Tap into decades of design experience. Our former Homes Editor and his wife walk us through their dream house and share design secrets.
House Full Of Ideas
Credit: Van Chaplin

Louis Joyner served as a one-man dynamo in the Southern Living Homes department for nearly three decades. He brought our readers up to speed on the newest home-improvement tips and residential products. So when he and his wife, Gaye, built a new home in South Carolina, we couldn't resist visiting once the sawdust had settled.

Getting Started
How does someone such as Louis design and decorate his own place? "After 27 years of writing about interiors and architecture, I probably knew too much for my own good because there was a temptation to put in every good idea that I'd ever seen," Louis admits. "Gaye and I went through our files of tear sheets and narrowed them down."

The couple also worked with a talented group of professionals to bring their goals to fruition: residential designer Miles Gandy Whitfield, builder Tim Hager, designer Carol Lund, and landscape architect Andrew Smith.

A New House With Age
The Joyners relocated to the new community of I'On in Mount Pleasant. They favored this development because of its commitment to traditional neighborhood and architectural values. "We wanted a new house that looked as if it had been around for years," explains Louis, "and I'On was a great place to accomplish this."

The couple sought the best of both worlds by building a new home with modern comforts that captured a heritage and craftsmanship of the past. "The concept was to create a house that looked as if it had been added on to over time," Louis explains.

Inspiring Ideas
Louis and Gaye may have found it challenging to whittle down their wish list; nonetheless, they achieved great results. Here are six of our favorite ideas found in their new home.

1. The orientation of the Joyners' house was initially difficult. "This was an unusual site for I'On," Louis says. "It's a corner lot with wetlands along the back and a park along one side. Eventually, we determined that orienting the house to face the wetland preserve and putting the garage on the front corner near the street worked best for privacy and parking."

2. Creating a home to appear as though it was built in stages requires well-thought decisions about overall design and materials. "The original house, so to speak, is the front portion with a center hall, which was typical of homes built in this area during the late 18th century," Louis explains. "The wing perpendicular to the front sector, which contains the kitchen and family room on the first floor and the master suite above, hints at being an add-on."

While these portions are covered with siding, builder Tim Hager stuccoed the garage and home office to mimic an early kitchen outbuilding. To tie together the garage and living quarters, Miles designed a connecting mudroom. Here exterior siding and stucco continue for an authentic touch.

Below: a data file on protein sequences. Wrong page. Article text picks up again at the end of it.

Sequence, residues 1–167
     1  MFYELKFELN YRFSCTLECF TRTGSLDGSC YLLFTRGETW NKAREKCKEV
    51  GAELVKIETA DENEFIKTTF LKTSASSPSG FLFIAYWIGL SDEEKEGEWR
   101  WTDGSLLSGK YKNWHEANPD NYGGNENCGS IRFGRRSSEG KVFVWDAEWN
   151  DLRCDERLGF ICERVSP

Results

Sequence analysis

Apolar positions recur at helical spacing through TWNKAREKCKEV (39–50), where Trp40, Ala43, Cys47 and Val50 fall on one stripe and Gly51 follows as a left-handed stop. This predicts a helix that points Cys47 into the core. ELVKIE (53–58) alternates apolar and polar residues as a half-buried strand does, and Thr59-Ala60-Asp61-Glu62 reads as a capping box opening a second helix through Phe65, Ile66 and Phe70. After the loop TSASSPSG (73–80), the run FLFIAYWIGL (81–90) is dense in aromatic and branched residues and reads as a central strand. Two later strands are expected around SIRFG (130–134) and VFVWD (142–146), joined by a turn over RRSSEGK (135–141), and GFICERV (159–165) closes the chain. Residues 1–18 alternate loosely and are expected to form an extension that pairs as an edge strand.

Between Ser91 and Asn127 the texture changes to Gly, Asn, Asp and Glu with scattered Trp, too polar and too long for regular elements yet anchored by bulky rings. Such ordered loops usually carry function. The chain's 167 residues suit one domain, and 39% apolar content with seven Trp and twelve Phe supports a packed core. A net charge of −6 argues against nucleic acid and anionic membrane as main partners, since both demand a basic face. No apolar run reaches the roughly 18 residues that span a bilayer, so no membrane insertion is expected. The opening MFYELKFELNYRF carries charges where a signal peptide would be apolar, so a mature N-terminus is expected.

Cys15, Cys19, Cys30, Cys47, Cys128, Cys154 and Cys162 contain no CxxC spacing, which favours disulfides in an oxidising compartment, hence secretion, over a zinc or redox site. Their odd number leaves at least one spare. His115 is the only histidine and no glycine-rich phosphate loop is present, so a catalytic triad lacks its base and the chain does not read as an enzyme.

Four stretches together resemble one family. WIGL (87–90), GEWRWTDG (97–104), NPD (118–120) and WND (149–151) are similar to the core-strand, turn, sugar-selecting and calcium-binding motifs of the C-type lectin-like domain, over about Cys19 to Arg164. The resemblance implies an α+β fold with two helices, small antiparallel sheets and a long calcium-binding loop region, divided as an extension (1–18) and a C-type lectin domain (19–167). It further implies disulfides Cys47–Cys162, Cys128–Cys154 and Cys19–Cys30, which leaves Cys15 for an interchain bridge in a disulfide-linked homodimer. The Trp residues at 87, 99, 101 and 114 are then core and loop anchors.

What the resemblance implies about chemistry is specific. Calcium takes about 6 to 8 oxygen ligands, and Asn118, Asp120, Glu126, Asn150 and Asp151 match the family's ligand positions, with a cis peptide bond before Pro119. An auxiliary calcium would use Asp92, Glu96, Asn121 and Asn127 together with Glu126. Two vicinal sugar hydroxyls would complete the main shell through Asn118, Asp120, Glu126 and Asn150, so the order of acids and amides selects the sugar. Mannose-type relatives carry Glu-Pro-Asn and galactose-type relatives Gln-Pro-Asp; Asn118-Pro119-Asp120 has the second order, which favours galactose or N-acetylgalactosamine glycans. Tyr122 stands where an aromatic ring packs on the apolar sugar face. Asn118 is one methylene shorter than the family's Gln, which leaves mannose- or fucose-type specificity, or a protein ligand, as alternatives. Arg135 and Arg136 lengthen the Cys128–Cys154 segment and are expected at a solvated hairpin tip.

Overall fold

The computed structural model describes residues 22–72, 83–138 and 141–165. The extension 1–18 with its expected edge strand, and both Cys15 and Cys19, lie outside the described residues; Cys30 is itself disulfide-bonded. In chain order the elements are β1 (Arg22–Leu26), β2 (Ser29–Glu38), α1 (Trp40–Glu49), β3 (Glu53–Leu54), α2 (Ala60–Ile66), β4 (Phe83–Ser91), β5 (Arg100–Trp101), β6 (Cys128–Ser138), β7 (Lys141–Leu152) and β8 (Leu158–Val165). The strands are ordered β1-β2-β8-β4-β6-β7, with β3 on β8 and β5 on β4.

3. This house functions well inside and outside because all of the main rooms lead to a porch, stoop, or other outdoor area. In particular, the lower side porch is one of the couple's favorite places to eat meals or relax--and they made sure that everything was just right. "I kept thinking that our side porch needed to be deeper [from 10 feet to 12 feet], and early in the process, I mentioned this to our builder," Gaye says. "That extra 2 feet makes all the difference."

4. There are no upper cabinets in the kitchen. "Because the space is such a visible part of the family room, we didn't want it to look too much like a kitchen," explains Louis. A large walk-in pantry nearby holds dishware, food, and utensils.

A built-in armoire that incorporates the refrigerator lines one wall. An island, topped with granite, contains a cooktop and provides storage.

5. Placing the front rooms four steps up from the family room makes the house look as if it were expanded over time. "Our goal was that the front part of the house would be more formal," Louis points out. "Then things would get progressively more casual as we moved to the family room, mudroom, and garage."

6. Expanding the corridor wall thickness made the built-in nooks in each room possible. "Louis and I asked Miles to design a pair of recessed nooks in the dining room and study but to make them different," Gaye says. "The curved shelves in the dining room soften the room and provide display space."

The Saga Continues
As expected, this energetic couple stays on the go. Louis also keeps busy with photography, furniture-making, and freelance work. Lucky for us, his commitment to learn--and to educate--has never stopped.

Keep these pointers in mind whether you're restyling a kitchen or designing your dream house.

  • Talk often with your builder and designer. Chat on the phone, or fax sketches and photos from books and magazines.
  • Spend time at the location. "Gaye and I walked through our house while it was under construction," says Louis. "We got a feel for the space and how the light changed. We took folding chairs and sat in various places to get different perspectives."
  • When in doubt, mock it up. The couple created a kitchen island with sawhorses and plywood to verify its size and location before the real thing was built.
  • Look beyond books. Often, you can find great ideas while watching a movie or TV. Also, stroll through furniture stores and pay attention to displays.

This article is from the Favorites 2005 issue of Southern Living.